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Binghamton University to use “seven-figure” donation to launch Institute for Social Justice for Women and Girls

By Eric Reinhardt


VESTAL, N.Y. — Binghamton University will use a “seven-figure” donation to establish an Institute for Social Justice for Women and Girls.

Psychologist Ellyn Uram Kaschak, who graduated from Binghamton University, donated the money, the school said in a Tuesday news release.

“No word on the actual dollar amount [of the Kaschak donation],” John Brhel, communications manager at Binghamton University, says in an email response to a BJNN inquiry.

“This is a wonderful investment in social sciences and humanities and what they can bring to solving really pressing problems of social justice for over half the world’s population, and we are very grateful for it and excited about it,” Donald Nieman, executive VP and provost at Binghamton University, said in the release. “The institute will create an evidence base for practice to be looked at in a scholarly way.”

About the institute

The institute will open its doors this August and will announce plans for programs to support faculty and student research “soon,” Brhel says.

In collaboration with Binghamton’s Human Rights Institute and the United Kingdom’s Sheffield Hallam University, the institute will sponsor an international conference on women, peace, and security on the Binghamton campus in April 2020.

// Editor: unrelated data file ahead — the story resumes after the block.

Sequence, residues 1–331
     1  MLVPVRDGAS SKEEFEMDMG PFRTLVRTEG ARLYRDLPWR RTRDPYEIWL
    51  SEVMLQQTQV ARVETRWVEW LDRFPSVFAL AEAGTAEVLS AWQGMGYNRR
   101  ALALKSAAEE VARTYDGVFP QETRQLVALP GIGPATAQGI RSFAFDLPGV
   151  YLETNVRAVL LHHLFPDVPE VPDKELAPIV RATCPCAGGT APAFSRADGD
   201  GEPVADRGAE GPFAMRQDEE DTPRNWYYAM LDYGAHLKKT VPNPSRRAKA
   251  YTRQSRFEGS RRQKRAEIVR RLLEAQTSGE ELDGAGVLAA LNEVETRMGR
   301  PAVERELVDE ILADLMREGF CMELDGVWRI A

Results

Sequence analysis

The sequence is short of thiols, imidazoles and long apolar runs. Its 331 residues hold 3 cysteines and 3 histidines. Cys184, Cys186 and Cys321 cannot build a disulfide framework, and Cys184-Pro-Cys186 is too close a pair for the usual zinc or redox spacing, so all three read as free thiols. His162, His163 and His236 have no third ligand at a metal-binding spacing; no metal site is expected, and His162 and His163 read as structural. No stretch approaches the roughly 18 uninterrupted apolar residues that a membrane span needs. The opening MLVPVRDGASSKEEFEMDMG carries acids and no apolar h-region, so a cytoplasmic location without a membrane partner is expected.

The event will bring scholars and practitioners from around the world to Binghamton to discuss “critical issues in the rights and position of women globally,” he adds.

Susan Strehle is the institute’s founding director. She will develop a program supporting faculty affiliates, practitioners-in-residence, and student fellows at the graduate and undergraduate levels, “all while fostering public engagement and outreach.”

An executive committee of faculty formed across Binghamton’s schools and disciplines will provide assistance in the effort.

The strength of the institute “comes from the donor,” Strehle said in the Binghamton news release.

“Ellyn’s vision is that she wants this work to go back into the real world and improve lives and opportunities for women and girls. She understands the value of academic research, but knows it can also make a difference,” Strehle added.

The institute will put out a call to faculty and students for proposals supporting research in this field, Strehle said. The institute will support new and ongoing research projects.

“One of the challenges is to bridge solid academic research with the need to make a ‘real-world’ difference,” said Strehle. “Scholarship in some fields is designed for other academics. But a project that begins as an academic analysis can have clear social outcomes and, in the classroom, all of it does because of the way we teach students and talk about women and girls.”

Strehle sees the institute empowering research in many different fields that will contribute to Kaschak’s activist vision of a “direct, positive impact on the lives of women and girls.”

Contact Reinhardt at

Photo credit: Binghamton University

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